US5800457A (en) * 1997-03-05 1998-09-01 Gelbfish; Gary A. Intravascular filter and associated methodology
US6001118A (en) * 1997-03-06 1999-12-14 Scimed Life Systems, Inc. Distal protection device and method
US20020161394A1 (en) * 1997-09-26 2002-10-31 Macoviak John A. Aortic filter catheter
US6014589A (en) * 1997-11-12 2000-01-11 Vnus Medical Technologies, Inc. Catheter having expandable electrodes and adjustable stent
US6447505B2 (en) * 1998-02-11 2002-09-10 Cosman Company, Inc. Balloon catheter method for intra-urethral radio-frequency urethral enlargement
US6007557A (en) * 1998-04-29 1999-12-28 Embol-X, Inc. Adjustable blood filtration system
US7713282B2 (en) * 1998-11-06 2010-05-11 Atritech, Inc. Detachable atrial appendage occlusion balloon
US6575933B1 (en) * 1998-11-30 2003-06-10 Cryocath Technologies Inc. Mechanical support for an expandable membrane
US6743196B2 (en) * 1999-03-01 2004-06-01 Coaxia, Inc. Partial aortic occlusion devices and methods for cerebral perfusion augmentation
US6767345B2 (en) * 1999-03-01 2004-07-27 Coaxia, Inc. Partial aortic occlusion devices and methods for renal and coronary perfusion augmentation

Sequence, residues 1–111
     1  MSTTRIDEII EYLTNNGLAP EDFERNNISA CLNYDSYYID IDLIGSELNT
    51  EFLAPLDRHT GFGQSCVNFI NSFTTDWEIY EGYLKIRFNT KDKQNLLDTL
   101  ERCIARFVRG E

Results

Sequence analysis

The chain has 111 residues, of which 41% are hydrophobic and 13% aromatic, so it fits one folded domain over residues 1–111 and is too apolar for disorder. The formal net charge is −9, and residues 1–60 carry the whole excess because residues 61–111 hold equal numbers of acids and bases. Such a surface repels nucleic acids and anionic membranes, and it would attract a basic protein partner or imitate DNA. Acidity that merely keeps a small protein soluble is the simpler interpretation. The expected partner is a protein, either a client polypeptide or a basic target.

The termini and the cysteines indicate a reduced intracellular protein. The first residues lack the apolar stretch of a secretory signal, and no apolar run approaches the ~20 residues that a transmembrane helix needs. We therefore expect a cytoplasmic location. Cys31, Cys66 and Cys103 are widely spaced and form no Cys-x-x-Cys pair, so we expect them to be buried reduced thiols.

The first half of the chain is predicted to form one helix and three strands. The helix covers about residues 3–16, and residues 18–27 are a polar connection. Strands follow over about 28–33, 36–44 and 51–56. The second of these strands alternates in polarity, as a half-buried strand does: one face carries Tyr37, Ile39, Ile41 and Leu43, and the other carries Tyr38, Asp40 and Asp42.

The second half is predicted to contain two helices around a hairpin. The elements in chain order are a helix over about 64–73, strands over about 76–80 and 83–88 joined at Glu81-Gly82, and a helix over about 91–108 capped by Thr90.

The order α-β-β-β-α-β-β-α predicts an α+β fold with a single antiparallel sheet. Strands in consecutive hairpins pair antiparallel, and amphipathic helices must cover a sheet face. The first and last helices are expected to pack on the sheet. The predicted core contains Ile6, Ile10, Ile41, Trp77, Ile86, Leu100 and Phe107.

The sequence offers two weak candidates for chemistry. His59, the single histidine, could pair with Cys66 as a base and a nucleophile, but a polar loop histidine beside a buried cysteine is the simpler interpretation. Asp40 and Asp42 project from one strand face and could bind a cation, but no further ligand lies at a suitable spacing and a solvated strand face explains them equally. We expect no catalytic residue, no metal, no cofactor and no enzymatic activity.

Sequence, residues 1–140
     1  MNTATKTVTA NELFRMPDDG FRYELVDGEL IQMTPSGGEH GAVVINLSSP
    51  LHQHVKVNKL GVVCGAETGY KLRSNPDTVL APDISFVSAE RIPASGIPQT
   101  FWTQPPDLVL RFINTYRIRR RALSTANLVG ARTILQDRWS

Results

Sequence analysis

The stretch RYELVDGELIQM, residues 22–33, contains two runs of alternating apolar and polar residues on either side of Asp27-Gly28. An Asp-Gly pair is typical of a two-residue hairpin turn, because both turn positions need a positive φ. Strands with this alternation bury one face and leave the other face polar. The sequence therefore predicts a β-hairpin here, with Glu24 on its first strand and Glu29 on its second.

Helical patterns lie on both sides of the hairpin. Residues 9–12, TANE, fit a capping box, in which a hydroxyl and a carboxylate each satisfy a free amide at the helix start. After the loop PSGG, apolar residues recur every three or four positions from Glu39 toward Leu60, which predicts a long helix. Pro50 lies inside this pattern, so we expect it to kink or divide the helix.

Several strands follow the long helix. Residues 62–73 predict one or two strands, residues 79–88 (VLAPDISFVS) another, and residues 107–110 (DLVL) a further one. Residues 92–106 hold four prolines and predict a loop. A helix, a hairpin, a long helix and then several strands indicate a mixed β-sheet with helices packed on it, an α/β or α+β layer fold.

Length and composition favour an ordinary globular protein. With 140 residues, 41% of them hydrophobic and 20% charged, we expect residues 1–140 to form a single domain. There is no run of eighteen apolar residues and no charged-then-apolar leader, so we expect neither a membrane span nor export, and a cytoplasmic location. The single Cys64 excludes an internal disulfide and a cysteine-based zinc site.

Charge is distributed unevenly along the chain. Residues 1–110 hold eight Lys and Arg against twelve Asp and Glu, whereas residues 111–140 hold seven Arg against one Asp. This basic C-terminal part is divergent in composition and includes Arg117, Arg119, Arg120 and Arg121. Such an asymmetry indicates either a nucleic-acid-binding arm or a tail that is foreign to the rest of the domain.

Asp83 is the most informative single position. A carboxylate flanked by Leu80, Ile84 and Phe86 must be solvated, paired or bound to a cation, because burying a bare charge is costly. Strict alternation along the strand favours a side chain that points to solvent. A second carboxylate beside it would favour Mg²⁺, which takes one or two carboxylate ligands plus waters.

US6368338B1 (en) * 1999-03-05 2002-04-09 Board Of Regents, The University Of Texas Occlusion method and apparatus
US6245087B1 (en) * 1999-08-03 2001-06-12 Embol-X, Inc. Variable expansion frame system for deploying medical devices and methods of use
US6652555B1 (en) * 1999-10-27 2003-11-25 Atritech, Inc. Barrier device for covering the ostium of left atrial appendage
US6689150B1 (en) * 1999-10-27 2004-02-10 Atritech, Inc. Filter apparatus for ostium of left atrial appendage
US6723085B2 (en) * 1999-12-28 2004-04-20 Edwards Lifesciences Corporation Arterial filter with aspiration and methods of use
US6406471B1 (en) * 1999-12-28 2002-06-18 Embol-X, Inc. Arterial filter with aspiration and methods of use
US6485456B1 (en) * 2000-02-01 2002-11-26 Harold D. Kletschka Embolic protection device having expandable trap
US6589208B2 (en) * 2000-06-20 2003-07-08 Applied Medical Resources Corporation Self-deploying catheter assembly